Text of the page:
Infant feeding supports among Arabic and Chinese speaking migrant mums – managing differing advice in a new country

A new study highlights the challenges migrant mothers may experience when managing conflicting infant feeding advice in Australia. Opportunities exist for health professionals to better support migrant mothers’ infant feeding practices, for example through engaging families and bi-cultural doctors.

Optimal feeding practices can establish lifelong, transgenerational and global health benefits. Migration and cultural factors impact infant feeding practices and the support mothers receive for optimal infant feeding.

This study compared the views of migrant mothers and health professionals and identified areas where health services can better support infant feeding practices of Chinese and Arabic migrant mothers.

Migrant mothers in this study turned to family networks and bi-cultural doctors, whom they trusted to provide culturally safe infant feeding support.  In contrast, maternal and child health services were under-utilised due to unfamiliarity with the services and a perceived lack of cultural appropriateness.  Some mothers who accessed these services gave examples of services that were not always culturally sensitive. Mothers also sought additional information through online sources and peers when appropriate information was perceived to be unavailable, altered or conflicting. Both mothers and health professionals recognised the challenges of managing conflicting infant feeding advice.

These findings derived from focus group discussions with 24 Arabic and 22 Chinese-Mandarin speaking migrant mothers with young children living in Sydney, and 20 health professionals who were mostly child and family health nurses from several health services in Sydney.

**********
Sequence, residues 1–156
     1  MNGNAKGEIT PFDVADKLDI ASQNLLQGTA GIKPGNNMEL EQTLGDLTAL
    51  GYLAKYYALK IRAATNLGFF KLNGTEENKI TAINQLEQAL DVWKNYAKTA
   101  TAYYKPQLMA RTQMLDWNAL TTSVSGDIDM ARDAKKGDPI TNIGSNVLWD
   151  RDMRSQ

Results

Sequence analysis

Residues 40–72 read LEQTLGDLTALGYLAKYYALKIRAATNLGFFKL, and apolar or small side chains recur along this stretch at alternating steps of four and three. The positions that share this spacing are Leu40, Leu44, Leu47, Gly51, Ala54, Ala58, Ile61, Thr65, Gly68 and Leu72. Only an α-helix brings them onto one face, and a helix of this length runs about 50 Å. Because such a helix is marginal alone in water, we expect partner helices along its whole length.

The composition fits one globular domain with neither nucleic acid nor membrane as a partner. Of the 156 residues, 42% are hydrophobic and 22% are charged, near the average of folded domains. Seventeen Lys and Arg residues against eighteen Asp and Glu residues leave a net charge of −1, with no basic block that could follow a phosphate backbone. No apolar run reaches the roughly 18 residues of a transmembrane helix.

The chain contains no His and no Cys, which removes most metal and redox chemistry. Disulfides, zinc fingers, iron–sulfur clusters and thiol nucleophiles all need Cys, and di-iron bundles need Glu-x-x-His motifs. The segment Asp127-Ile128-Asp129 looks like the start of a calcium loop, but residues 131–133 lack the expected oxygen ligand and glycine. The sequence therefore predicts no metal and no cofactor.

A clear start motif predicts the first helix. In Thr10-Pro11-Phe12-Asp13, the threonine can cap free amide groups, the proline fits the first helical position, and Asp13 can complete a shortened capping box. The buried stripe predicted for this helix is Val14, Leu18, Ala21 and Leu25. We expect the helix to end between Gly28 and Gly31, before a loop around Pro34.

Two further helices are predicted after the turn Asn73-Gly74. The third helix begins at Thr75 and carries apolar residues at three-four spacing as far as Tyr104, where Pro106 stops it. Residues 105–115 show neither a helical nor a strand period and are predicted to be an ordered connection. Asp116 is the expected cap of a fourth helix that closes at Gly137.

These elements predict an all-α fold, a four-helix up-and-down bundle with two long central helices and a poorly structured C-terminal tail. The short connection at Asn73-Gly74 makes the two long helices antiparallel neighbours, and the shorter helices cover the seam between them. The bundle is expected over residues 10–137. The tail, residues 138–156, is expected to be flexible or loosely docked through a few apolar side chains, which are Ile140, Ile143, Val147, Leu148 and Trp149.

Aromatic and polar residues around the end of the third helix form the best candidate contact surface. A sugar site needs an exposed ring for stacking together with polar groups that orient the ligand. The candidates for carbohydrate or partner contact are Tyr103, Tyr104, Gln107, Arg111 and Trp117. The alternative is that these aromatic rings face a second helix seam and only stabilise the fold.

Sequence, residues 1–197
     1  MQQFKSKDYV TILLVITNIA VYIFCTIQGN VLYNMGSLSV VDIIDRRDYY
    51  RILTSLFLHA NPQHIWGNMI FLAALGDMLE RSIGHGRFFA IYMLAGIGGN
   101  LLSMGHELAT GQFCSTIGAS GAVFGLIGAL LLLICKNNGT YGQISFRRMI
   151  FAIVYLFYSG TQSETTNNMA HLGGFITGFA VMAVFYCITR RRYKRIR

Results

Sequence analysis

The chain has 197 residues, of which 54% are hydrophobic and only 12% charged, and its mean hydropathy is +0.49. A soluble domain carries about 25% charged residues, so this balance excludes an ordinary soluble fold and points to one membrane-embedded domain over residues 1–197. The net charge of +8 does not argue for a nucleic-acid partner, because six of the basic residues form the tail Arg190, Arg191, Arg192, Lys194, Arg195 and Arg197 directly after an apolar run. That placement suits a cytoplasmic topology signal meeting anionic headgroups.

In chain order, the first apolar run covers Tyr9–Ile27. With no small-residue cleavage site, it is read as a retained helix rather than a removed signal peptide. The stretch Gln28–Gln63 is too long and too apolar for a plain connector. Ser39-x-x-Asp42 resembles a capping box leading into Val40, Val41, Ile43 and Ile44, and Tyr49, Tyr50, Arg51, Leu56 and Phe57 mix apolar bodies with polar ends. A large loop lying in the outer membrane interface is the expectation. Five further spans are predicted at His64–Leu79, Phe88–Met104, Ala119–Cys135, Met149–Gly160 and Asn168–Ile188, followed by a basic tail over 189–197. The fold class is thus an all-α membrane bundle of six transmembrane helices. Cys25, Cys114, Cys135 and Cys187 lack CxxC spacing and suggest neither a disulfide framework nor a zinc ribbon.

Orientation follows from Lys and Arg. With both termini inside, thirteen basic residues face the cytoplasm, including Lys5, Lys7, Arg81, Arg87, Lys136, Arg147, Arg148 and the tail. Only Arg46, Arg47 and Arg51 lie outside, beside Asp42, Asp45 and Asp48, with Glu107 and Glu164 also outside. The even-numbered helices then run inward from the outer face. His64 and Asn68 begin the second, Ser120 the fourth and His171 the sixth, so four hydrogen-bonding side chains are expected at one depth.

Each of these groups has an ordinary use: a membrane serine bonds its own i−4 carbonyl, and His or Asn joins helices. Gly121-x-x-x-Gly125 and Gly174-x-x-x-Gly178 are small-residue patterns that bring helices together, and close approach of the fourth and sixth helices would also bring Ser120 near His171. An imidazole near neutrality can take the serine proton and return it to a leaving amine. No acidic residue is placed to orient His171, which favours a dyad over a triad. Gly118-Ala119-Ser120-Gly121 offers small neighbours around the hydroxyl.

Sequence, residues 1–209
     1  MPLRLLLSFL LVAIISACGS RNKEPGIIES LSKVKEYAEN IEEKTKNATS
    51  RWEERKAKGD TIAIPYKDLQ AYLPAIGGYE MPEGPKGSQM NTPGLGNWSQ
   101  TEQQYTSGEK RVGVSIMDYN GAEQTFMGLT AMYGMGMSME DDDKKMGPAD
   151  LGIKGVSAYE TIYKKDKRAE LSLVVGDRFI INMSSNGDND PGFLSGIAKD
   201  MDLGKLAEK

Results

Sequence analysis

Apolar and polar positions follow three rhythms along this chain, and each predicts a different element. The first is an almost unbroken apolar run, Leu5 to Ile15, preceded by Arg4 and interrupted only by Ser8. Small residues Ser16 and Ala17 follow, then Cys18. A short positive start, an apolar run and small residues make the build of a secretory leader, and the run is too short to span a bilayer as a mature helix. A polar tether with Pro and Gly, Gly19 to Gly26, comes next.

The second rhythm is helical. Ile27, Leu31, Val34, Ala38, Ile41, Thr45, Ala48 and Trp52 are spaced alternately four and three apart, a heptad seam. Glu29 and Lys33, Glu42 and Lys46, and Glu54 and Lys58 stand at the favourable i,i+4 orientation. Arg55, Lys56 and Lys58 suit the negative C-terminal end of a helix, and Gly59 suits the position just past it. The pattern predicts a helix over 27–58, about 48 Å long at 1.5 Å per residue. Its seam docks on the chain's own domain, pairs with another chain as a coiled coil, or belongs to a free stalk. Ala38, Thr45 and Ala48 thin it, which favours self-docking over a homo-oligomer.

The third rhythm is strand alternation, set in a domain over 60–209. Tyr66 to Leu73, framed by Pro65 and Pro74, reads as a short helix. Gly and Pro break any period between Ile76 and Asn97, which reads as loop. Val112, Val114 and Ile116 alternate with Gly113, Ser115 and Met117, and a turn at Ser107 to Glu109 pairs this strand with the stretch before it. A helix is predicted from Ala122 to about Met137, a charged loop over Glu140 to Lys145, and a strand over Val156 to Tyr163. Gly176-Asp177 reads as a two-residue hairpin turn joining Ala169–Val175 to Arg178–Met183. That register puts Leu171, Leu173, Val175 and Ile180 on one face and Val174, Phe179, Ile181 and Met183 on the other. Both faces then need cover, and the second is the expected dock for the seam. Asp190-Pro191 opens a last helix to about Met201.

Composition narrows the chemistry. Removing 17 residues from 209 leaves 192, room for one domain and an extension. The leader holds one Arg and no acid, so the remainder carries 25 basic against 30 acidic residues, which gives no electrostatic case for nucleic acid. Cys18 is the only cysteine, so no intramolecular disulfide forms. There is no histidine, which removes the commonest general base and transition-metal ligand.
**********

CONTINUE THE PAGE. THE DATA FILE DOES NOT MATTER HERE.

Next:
The lead author, Sarah Marshall (PhD candidate with EPOCH CRE), recommends health services to work closely with bi-cultural family doctors and health professionals, promoting universal MCH services and enhancing cultural sensitivity to improve infant feeding support for migrant mothers.

For further details, please contact Sarah Marshall sarah.marshall@sydney.edu.au

Article citation

Marshall S, Taki S, Love P, et al.  Navigating infant feeding supports after migration: perspectives of Arabic and Chinese mothers and health professionals in Australia. Women Birth. 2020;in-press https://doi.org/10.1016/j.wombi.2020.06.002

Acknowledgments

The author team: Sarah Marshall, Dr Sarah Taki, Dr Penny Love, Marianne Kearney, Nancy Tam, Konsita Kuswara, Dr Yvonne Laird, A/Prof Li Ming Wen and Prof Chris Rissel.

This work was supported by the New South Wales Health TRGS 2016; Sydney Local Health District; and the National Health and Medical Research Council Centre for Research Excellence in The Early Prevention of Obesity in Childhood (EPOCH). We sincerely thank the participants who kindly shared their time and experiences, and our many project partners and contributors.

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